Next, select a time period and count the number of social posts, categorizing them into like clusters — for example, “news mentions,” “brand endorsements,” “complaints,” “questions” and “spam.” This will help you begin to understand the volume of posts in each category and to determine which types of social posts actually require a response.


Typically, a significant portion can be identified as spam. Out of the millions of social posts processed by Five9’s social solutions, about 40 percent could be automatically tagged as spam and removed from agent queues. An even greater percentage could be identified as brand mentions, retweets or other types of posts that didn’t require a response.

Build a Process
After determining which types of posts require a response, you’ll be able to start building a playbook that documents which team is responsible for responding to which category of posts. If you decide to use an automated solution for social engagement, you can easily remove the non-actionable posts and organize the remaining ones into the categories that you have defined. You will also be able to include routing instructions into a set of business rules that can automatically direct posts to the appropriate workgroup or individual.

Your playbook should be used to document corporate policies for engagement, approved responses and the tone that should be used when interacting with various authors.

It will also be used to document workflows. For example, a customer service agent may determine that a high-priority customer is about to cancel their service; a workflow can be defined that instructs the agent, possibly through an automated “next best action,” to forward that customer to your retention desk.

As you build a plan and a process, you’ll also want to answer some other important questions.

  • Are those who will respond generalists or specialists? This is likely to be based on the size and skill set of your team and may change over time as your business grows.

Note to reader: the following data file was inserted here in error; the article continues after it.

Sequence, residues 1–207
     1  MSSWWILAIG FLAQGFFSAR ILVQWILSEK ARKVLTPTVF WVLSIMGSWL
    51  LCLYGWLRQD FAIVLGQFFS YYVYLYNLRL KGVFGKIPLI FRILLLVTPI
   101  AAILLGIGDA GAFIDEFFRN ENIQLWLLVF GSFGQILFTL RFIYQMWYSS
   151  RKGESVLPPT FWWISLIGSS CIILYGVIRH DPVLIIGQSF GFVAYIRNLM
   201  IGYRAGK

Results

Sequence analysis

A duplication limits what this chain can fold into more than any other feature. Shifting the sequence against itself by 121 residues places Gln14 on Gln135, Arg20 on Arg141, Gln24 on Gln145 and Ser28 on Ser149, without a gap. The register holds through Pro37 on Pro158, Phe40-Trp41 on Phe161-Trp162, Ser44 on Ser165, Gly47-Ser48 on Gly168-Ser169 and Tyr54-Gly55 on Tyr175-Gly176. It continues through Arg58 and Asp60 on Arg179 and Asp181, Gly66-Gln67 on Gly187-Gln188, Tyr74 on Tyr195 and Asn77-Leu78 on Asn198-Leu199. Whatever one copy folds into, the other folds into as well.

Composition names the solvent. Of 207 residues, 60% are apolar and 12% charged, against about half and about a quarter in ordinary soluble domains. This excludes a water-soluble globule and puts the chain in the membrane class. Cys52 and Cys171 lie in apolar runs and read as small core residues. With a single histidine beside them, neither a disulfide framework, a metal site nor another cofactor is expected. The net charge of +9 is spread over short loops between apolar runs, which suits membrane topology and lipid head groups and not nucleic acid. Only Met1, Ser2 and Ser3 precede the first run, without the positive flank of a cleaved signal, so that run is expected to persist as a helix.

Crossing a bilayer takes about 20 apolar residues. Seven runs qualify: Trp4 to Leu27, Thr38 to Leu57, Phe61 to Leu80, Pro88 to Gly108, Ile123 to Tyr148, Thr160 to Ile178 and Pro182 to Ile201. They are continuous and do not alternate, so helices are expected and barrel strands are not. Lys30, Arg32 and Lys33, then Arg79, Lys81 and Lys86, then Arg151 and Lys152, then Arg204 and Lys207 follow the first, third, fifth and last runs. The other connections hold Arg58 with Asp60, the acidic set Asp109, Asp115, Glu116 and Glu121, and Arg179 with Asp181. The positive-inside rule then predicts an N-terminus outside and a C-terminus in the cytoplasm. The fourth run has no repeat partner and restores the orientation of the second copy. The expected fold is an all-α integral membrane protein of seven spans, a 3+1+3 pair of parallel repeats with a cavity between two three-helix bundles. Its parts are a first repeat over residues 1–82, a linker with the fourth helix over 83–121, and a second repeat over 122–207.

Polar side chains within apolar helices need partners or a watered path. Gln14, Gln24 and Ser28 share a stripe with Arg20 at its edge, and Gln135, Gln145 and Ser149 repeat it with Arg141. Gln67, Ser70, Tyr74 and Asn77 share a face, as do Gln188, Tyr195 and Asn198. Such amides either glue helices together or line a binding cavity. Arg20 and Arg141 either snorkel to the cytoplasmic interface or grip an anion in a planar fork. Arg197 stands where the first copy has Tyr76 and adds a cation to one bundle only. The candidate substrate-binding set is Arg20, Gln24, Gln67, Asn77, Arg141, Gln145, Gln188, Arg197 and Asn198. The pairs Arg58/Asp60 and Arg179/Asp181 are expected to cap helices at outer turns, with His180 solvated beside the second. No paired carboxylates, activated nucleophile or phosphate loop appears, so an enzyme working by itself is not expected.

• What level of response do you want to implement? Companies like Zappos have differentiated themselves based on the level of service that they are willing to offer customers, even if that drives higher support costs. However, many businesses will find it useful to define business rules that determine the level of response for specific types of inquiries.
  • What kind of content will you use? Will you answer questions by pushing answers stored in a company knowledge base or would you like to move certain types of conversations into real-time phone or chat channels?
  • Do you want to use key drivers like sentiment, social influence or customer loyalty to prioritize customer interactions?
  • What type of supervision do you want to have? Will your agents have complete autonomy to choose which issues to resolve? Or do you want a greater level of supervision to determine which posts gets assigned to which agent?

Monitor and Report
Finally, you will need a way to accurately track performance. As you begin to route support and service requests, you’ll want to evaluate group as well individual service-level agreement (SLA) performance metrics like average/max handle time, average/max queue time and average/max resolution time.

You’ll also need to be able to allocate and redistribute workloads as necessary by monitoring the volume of transactions at various stages in a workflow — for example, the percentage of posts in queue vs. those being worked on by an agent. Members of your team will also be interested in tracking outcomes or “dispositions,” for example, the number of interactions that led to a problem being resolved or to a sale being made.


By monitoring and measuring performance over time, you’ll be able to optimize your social care program. Your team will be trained to respond more effectively and to use your tools more efficiently. You will also be able to refine your process as you learn about new, trending social topics.

Additionally, with advanced solutions for social engagement, a natural language processing engine will “learn” as you use it and become more efficient at tagging spam and identifying issues by topic, helping you to increase the productivity of your team. And remember that your playbook is a living, breathing document that should grow and evolve over time.

As you develop your strategy for social customer care, remember to begin by thinking team and process. Solid planning will give your project a running start and help to propel it down the road to success.